The date at the top of the Catholic Pictorial reads 18 August 1968. Beneath it, the headline 'Crash victims come home'. It was 50 years ago this month that the Pic reported on the shattering repercussions of an air crash in West Germany, where a British Eagle Viscount flight came down on a Bavarian autobahn claiming the lives of all 44 passengers and four crew on board. Among the victims were 13 Merseysiders – seven of them members of Liverpool's Catholic Ramblers. The Pic's poignant front page shows the smiling faces of six of these young women who perished en route to a walking holiday in Austria.
Half a century has passed but the memories remain, as Des and Peter McLindon will testify. Their younger sister, Maureen, a 20-year-old student nurse at Broadgreen Hospital and parishioner of Our Lady of Good Help in Wavertree, was in the Ramblers party. So too their cousin, Mary Fletcher, a police secretary from Essex, who had joined the Liverpool contingent at Heathrow airport.
Peter McLindon remembers returning from work to the family home on the day of the crash, Friday 9 August. 'I was getting home at half past five. This had happened at two-ish. I didn't know why there were lots of people about. My dad opened the door and said to me, "Any news?" I said, "News of what?" We never had a phone in our house and that evening I went into the house next door with an emergency phone number to ring. I rang and asked, "Was Maureen McLindon on the flight?" and their reply was, "No, but there is a Mr M McLindon". You just knew it was an error.'
'Our Maureen had been to Lourdes on the train but I don't think she'd been on a plane,' adds his brother, Des.
The other members of the Ramblers who died were: Jean Baxter, a 24-year-old school teacher from Our Lady of the Assumption, Gateacre; Mary Bryon, 25, from Blessed Edmund Arrowsmith, Whiston; Monica Hanna, 25, a short-hand typist from St Monica's, Bootle; Barbara O'Keefe, 25, a PE teacher from Blessed Ambrose Barlow secondary school, West Derby; Valerie Humphreys, 22, a teacher from St Hugh's primary school, Wavertree; and Irene Rawlinson, 23, a civil servant, also from St Hugh's parish.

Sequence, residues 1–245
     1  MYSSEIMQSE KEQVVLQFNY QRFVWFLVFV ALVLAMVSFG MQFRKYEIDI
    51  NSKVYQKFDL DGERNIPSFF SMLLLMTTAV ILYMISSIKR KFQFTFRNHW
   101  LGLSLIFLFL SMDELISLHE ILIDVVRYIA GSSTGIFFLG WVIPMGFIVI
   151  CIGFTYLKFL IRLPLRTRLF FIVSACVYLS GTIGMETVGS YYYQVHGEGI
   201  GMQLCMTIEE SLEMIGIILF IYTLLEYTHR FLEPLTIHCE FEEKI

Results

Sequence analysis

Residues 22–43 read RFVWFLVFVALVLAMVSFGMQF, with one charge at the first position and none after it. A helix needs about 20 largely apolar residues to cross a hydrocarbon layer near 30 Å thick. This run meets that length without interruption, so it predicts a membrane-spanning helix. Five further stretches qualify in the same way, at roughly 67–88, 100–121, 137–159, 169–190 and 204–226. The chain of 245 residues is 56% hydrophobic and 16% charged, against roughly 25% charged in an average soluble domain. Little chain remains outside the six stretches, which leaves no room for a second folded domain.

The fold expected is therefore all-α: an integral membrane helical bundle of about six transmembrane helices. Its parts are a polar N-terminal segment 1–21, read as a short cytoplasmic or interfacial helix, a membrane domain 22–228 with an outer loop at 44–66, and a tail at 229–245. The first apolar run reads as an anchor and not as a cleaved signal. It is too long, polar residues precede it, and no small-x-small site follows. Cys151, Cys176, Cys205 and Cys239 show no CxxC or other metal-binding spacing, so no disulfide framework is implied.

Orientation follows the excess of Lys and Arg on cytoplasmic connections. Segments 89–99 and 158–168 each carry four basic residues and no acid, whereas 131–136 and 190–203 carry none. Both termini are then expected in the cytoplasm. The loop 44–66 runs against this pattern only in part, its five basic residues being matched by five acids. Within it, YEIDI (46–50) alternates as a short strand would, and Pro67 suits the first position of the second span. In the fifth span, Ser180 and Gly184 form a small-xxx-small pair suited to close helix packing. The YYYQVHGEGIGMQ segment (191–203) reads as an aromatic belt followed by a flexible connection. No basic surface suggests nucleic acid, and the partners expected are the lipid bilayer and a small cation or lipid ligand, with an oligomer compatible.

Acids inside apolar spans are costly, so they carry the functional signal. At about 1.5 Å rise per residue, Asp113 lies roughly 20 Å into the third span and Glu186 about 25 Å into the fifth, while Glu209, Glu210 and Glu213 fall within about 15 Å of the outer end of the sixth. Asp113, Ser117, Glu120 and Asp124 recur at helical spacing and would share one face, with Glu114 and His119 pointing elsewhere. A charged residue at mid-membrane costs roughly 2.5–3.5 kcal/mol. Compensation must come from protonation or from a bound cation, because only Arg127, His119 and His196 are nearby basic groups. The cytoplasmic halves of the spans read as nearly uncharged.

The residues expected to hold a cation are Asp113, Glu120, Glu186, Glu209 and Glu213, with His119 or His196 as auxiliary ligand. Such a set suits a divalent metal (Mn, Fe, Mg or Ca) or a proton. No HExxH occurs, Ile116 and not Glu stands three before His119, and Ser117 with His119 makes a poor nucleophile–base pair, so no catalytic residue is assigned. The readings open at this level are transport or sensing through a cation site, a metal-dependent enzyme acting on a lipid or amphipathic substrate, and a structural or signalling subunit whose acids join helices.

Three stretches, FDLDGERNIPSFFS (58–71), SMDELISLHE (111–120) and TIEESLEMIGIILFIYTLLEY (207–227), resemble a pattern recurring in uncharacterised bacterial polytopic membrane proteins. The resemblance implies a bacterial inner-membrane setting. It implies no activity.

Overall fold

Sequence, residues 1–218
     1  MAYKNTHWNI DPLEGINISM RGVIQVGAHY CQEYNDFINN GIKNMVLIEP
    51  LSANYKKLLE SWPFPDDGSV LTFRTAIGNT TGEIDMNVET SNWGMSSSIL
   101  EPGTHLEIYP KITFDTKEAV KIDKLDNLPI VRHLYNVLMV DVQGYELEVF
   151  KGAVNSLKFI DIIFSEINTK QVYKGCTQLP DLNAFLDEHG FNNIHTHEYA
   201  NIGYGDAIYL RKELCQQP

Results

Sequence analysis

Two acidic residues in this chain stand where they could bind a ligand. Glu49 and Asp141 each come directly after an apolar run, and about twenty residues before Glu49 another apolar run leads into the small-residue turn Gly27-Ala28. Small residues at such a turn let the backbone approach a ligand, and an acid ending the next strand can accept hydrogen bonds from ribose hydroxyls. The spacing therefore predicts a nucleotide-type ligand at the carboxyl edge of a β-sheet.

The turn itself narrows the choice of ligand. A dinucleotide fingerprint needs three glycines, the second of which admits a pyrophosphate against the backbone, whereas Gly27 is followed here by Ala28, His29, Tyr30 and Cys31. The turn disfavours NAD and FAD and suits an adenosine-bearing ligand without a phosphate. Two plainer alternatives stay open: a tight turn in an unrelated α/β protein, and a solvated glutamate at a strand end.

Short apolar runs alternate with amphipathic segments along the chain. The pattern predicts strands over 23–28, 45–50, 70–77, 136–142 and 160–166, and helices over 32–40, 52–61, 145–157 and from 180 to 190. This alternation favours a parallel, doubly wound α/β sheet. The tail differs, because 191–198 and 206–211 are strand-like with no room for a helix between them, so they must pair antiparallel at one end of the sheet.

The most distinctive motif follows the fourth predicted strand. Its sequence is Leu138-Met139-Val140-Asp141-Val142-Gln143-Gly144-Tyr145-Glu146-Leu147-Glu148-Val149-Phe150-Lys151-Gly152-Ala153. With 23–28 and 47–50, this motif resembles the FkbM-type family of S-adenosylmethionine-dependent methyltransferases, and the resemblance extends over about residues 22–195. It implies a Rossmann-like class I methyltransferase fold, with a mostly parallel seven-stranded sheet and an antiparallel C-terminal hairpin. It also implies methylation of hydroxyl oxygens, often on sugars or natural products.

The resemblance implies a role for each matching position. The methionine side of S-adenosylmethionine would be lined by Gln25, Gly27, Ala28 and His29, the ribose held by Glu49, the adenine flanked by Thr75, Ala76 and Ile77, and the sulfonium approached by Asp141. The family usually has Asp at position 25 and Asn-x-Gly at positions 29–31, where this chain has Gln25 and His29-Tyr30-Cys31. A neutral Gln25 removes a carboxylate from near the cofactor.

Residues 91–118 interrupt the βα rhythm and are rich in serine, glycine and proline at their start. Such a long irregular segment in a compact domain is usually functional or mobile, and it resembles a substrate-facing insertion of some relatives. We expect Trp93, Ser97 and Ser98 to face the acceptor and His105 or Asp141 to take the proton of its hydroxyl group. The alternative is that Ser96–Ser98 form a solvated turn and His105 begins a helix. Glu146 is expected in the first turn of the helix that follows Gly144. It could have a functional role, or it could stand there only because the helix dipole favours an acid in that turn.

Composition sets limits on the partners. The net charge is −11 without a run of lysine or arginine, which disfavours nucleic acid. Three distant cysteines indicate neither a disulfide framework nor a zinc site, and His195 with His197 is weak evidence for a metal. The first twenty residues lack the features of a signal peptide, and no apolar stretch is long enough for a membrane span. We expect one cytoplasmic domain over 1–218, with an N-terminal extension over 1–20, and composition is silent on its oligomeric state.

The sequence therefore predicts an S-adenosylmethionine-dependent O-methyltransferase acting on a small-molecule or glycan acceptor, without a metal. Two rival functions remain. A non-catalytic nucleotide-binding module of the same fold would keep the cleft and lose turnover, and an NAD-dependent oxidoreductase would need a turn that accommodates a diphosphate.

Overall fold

For Valerie Humphrey's brother Mike, who had waited four hours at Innsbruck airport, the pain was doubly fierce. His girlfriend was Barbara O'Keefe, a first-time flyer who, according to the Liverpool Echo, was said by her mother to have 'complained of dreams in which she had a premonition of the crash'. Peter McLindon, who himself had tried in vain to book a seat on the flight, recalls an effervescent young woman with a love of netball and Everton FC. 'She was an absolute hoot – she had a husky voice and was a sparkling personality,' he says. 'They were a really great group of lovely young people.'
The other six Liverpudlian victims were members of the same family and regulars at St Mary's, Woolton: Eileen Staunton, her son Peter and daughter Eileen Hall, and grandchildren Barbara, Veronica and Brendan.
To mark the 40th anniversary in 2008, the McLindons visited Langenbruck, the nearest village to the crash site, and attended a memorial Mass at St Katharina's Catholic church where they met the local mayor and even a fireman who had been present at the scene of the crash. In the graveyard they found a small shrine featuring a flower bed and wooden cross: etched into the wood is the date of the tragedy.
Des will be back in Langenbruck on Sunday 12 August, remembering the sister and cousin he lost. 'Since it's happened, every five years at the appropriate Sunday Mass they've had a procession up to the graveyard. There'll be the Mass and procession and they'll put a wreath on the grave. We didn't know those lovely people out in Germany had for all those years shown such respect.' A small shred of comfort, so many years on.
The Liverpool Catholic Ramblers will remember the victims of the air tragedy at their Annual Mass at the Cathedral Crypt on Sunday 23 September (11.30am).